John: Unknown…this capability was not covered in the demo.

Athenahealth comments: athenaClinicals is natively integrated with athenaCollector. Charge integration capabilities allow for translation of documented orders and procedures into CPT codes. Details of the visit translate into an appropriate E&M code for billing purposes via an integrated E&M calculator.

Compliance with rules and regulations on privacy, consent, etc.

Gregg: If I’m remembering clearly, we touched on HIPAA, but didn’t do the detail

Inga: Not covered.

John: Unknown. This was not covered in the demo.

Athenahealth comments: athenaNet, athenahealth’s centrally hosted national platform which houses all products is 100% HIPAA compliant and has been since 2003. We also have additional SAS70 Type 2 certification of our network. athenahealth is a covered HIPAA entity.

Aggregate individual data into longitudinal records for easy viewing and graphing

Gregg: 5 – Well done here

Inga: 5 – Graphs, etc. can be created on the fly. Pretty extensive capabilities.

John: 5 – Solid capabilities here inclusive of the ability to annotate in conjunction with the graphs

Ability to manage the individual patient’s chronic diseases and conditions

Gregg: 5 – I really appreciated some of the “look-back” abilities of the system.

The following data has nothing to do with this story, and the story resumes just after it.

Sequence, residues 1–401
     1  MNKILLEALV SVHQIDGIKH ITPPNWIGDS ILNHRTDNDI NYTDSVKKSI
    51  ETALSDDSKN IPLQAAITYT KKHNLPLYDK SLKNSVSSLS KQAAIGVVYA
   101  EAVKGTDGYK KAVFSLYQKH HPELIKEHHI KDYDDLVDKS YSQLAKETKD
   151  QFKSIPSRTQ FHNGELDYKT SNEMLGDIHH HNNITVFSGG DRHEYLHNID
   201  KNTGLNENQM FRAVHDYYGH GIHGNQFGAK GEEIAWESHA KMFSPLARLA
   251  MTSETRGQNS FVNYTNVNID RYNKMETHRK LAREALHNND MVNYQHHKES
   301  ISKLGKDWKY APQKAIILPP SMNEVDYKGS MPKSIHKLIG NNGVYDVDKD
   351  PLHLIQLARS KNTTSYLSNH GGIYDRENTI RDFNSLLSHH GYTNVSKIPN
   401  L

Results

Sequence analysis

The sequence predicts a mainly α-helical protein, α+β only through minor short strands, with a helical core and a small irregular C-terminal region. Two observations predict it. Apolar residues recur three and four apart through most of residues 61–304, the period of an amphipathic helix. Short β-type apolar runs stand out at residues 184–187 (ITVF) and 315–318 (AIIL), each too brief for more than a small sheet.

Inga: 5 – Again, an area that athena is likely focused on as they help doctors with P4P programs, achieve meaningful use objectives, etc.

John: 5

Standardize disease management goals for subgroups of chronic disease sufferers within the practice

Gregg: Not covered, but I have suspicions they may have skills here cultured from their strong PM management tools.

Inga: Not discussed

John: Unknown. This capability was not covered in the demo

Athenahealth comments: We are set to launch by the end of 2009 a global P4P rules engine and service offering whereby the physician will be notified in real time of disease management information and data capture requirements. Athena specialists will enroll providers and will help monitor and submit data on behalf of physicians as part of this service. Unlike guidelines in traditional software systems, athena’s service team can monitor and inject rules into the workflow as part of this new service and which are available to all clients on the network at no additional charge.

Ability to query the system’s database to produce both individual and group reports on clinical issues — care, quality, outcomes, and associated costs

Gregg: Unknown.

Inga: Not covered

John: Unknown. This capability was not covered in the demo.

Athenahealth comments: Related to the P4P service offering, athenaClinicals includes population management reporting in addition to its existing suite of reports and reporting tools enabled by athenaCollector.

Ability to conduct research, registry, and clinical trial-related efforts

Gregg: Unknown.

Inga: Not covered

John: Unknown. This capability was not covered in the demo.

Athenahealth comments: Athena is in the process of becoming a PQRI registry for submission of data to CMS.

Incorporate information originating with the patient and, as a separate matter, with medical or patient devices

Gregg: I have a different take than John does, but I don’t know if it derives from this demo or another discussion I had shortly after this with another athenahealth rep during an unrelated interview. Their patient portal features are quite solid.